So, this is Meatless Week. But as I already mentioned, I was forced (or I should say, I allowed myself ) to cheat for just one dinner.
I know, this sort of defeats the purpose of going meatfree for a week. I'm actually thinking of adding another week, just to challenge myself a bit more. But for now, lets focus on the how and why of yesterdays meal.
When I learned that one of my favorite Amsterdam restaurants, Marius, was going to close for a couple of months, and that this week was my last chance to eat there before the closure, I knew that that was an opportunity I had to seize.
Those of you who read my blog on a regular basis know I don't do restaurant reviews. At least not the type of review many bloggers and critics pretend to write: balanced, unbiased reports with advice on why you should or should not eat somewhere. When I write about a restaurant it is because I love it, because I had a good experience there, and yes, everyone who reads it should acknowledge that my opinion will be influenced by the wonderful conversation I had, or the way the waitress smiled at me when taking my order, or the prospect of after dinner plans. So consider this, not a review, just a biased, personal write up about a place I happen to love.
The food at Marius is a very special kind of food. Dennis and I were talking last night about how hard it would be to find similar food in any restaurant in Amsterdam. The word I came up with as I tried to describe its characteristics: inevitable. The food Kees Elfring cooks (because the chef's name is not Marius - the restaurant takes its name from Marcel Pagnol's work, just like Alice Waters' much heralded Chez Panisse in Berkely California, where Elfring worked for a couple of years in the eighties) is never contrived, complicated or cerebral. That does not mean it's simple or easy - there's always a lot going on on your plate. But everything he cooks feels and tastes as if it comes from true inspiration and passion. Like it is simply, inevitably, the only thing he felt like cooking that day, and he cooked it for you.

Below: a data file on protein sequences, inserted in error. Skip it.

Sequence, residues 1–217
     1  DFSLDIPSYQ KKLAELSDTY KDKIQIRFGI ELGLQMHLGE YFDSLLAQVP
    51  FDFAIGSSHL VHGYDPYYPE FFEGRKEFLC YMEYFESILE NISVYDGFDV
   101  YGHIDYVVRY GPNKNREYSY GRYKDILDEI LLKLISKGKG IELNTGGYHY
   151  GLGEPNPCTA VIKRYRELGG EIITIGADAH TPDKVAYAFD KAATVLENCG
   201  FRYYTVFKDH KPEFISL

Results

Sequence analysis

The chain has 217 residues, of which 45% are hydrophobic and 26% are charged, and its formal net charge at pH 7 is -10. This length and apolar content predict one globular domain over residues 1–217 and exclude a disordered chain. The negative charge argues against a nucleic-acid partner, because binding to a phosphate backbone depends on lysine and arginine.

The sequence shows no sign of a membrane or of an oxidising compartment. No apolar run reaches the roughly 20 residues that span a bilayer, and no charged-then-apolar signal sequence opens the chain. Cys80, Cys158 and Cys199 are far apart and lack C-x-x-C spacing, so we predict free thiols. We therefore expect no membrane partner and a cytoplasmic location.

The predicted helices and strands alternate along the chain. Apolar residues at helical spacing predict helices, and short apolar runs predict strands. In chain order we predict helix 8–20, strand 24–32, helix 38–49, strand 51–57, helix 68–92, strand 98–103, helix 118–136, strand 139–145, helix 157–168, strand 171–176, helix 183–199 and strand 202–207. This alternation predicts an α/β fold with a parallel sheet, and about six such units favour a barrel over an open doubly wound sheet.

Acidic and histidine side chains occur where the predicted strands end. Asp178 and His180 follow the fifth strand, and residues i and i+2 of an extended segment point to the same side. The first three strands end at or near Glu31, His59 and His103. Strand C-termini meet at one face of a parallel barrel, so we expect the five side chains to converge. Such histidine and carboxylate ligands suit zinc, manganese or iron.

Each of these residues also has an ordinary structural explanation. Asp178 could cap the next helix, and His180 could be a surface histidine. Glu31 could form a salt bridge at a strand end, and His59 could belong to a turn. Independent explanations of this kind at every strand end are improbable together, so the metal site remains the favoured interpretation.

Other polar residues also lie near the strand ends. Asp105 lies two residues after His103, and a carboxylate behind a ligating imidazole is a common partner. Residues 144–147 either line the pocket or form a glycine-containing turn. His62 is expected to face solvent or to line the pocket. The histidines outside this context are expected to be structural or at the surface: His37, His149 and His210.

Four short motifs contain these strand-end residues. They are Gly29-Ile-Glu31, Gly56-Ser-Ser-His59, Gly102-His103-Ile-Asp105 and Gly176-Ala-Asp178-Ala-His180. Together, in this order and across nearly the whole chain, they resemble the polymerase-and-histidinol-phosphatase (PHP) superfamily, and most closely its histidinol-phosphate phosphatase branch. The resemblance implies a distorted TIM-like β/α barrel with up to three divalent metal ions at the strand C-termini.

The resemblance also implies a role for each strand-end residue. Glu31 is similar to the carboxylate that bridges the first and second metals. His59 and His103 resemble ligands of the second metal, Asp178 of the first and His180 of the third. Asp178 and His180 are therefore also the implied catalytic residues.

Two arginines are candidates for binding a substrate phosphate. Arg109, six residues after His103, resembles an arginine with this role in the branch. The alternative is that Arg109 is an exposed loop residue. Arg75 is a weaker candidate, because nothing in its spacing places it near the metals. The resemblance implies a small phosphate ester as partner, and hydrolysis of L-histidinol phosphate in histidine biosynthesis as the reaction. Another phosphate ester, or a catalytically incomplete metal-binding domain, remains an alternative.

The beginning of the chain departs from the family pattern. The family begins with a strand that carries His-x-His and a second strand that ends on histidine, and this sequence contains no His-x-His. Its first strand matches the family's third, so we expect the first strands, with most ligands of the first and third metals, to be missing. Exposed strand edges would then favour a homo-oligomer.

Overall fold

This is how he works - there's a 4 course market menu that's different everyday, although return visitors will see Elfring's favorite ingredients making a regular appearance. Besides that menu, he serves 'specials' that hardly ever change: bouillabaisse, vitello tonnato, chocolate cake.
There are no foams here, no essences of anything. Ingredients aren't stacked in towers but neither are they spaced far apart on huge plates. The flavors and textures are bold enough to keep you interested thoughout the meal, but not weird, confusing, or clashing. These aren't the kind of specific flavors you will remember tomorrow. What you will remember is the overall feel of the meal. It's superior comfort food, home cooking like you would want to find in many homes (but hardly ever do).
I guess what I keep trying to say that at this little restaurant, everything just seems to make perfect sense. From the food and wine to the attentive service, the checkered tablecloths and the chef who comes out to talk to the guests whenever he has a moment, it all works together to make you feel completely at ease, pampered and at home. When we were there, I spotted some tourists, 2 guys discussing their recent dinners at Noma and Alinea, and a couple with a toddler in a stroller. Everyone seemed to be equally comfortable, enjoying their food and wine.
So goodbye Marius, see you in the fall. I can't wait to see what you come up with - I'm sure it will be wonderful.
See here for the report on my first visit to Marius, written on eGullet by my friend Mark.